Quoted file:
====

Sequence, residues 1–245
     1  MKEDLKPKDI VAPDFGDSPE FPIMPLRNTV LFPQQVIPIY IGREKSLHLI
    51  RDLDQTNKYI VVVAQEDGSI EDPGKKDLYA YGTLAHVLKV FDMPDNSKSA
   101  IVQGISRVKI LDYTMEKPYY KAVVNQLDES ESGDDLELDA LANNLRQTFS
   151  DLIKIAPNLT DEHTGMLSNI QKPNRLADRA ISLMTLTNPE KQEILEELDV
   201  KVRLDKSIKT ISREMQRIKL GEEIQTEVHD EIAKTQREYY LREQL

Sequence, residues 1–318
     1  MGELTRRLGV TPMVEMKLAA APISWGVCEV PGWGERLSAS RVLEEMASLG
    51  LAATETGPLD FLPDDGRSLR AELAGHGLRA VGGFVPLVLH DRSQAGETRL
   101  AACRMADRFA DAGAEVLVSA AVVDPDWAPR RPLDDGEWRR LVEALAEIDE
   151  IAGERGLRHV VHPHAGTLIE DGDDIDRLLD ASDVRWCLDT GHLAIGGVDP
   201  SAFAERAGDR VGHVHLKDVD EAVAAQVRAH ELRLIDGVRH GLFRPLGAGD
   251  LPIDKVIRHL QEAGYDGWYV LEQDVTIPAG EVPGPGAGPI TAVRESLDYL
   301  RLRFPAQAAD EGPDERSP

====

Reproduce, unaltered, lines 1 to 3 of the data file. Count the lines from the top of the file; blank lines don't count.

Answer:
Sequence, residues 1–245
     1  MKEDLKPKDI VAPDFGDSPE FPIMPLRNTV LFPQQVIPIY IGREKSLHLI
    51  RDLDQTNKYI VVVAQEDGSI EDPGKKDLYA YGTLAHVLKV FDMPDNSKSA